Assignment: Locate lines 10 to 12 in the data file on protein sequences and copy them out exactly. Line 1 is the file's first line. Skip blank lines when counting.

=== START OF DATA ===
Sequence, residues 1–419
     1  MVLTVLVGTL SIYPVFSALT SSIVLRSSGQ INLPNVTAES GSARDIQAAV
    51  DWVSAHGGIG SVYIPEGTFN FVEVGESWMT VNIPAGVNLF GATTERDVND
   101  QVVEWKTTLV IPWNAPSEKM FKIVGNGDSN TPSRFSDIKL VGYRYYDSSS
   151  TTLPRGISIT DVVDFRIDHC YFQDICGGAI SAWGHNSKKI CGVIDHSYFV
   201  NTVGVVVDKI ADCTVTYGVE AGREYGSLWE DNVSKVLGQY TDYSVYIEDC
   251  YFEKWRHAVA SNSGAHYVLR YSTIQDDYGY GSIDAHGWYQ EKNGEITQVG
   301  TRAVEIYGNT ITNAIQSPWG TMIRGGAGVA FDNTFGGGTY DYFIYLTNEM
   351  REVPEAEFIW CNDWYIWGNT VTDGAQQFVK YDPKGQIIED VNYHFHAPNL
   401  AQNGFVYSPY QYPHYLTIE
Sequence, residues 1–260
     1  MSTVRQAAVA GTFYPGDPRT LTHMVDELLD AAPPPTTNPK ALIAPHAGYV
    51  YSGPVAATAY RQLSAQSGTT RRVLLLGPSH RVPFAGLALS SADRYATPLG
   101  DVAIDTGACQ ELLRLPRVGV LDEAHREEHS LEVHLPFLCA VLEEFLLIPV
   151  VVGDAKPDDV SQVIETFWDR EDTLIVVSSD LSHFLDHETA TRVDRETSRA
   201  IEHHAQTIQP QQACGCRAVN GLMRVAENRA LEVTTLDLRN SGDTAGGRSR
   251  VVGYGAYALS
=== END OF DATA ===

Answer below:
   401  AQNGFVYSPY QYPHYLTIE
Sequence, residues 1–260
     1  MSTVRQAAVA GTFYPGDPRT LTHMVDELLD AAPPPTTNPK ALIAPHAGYV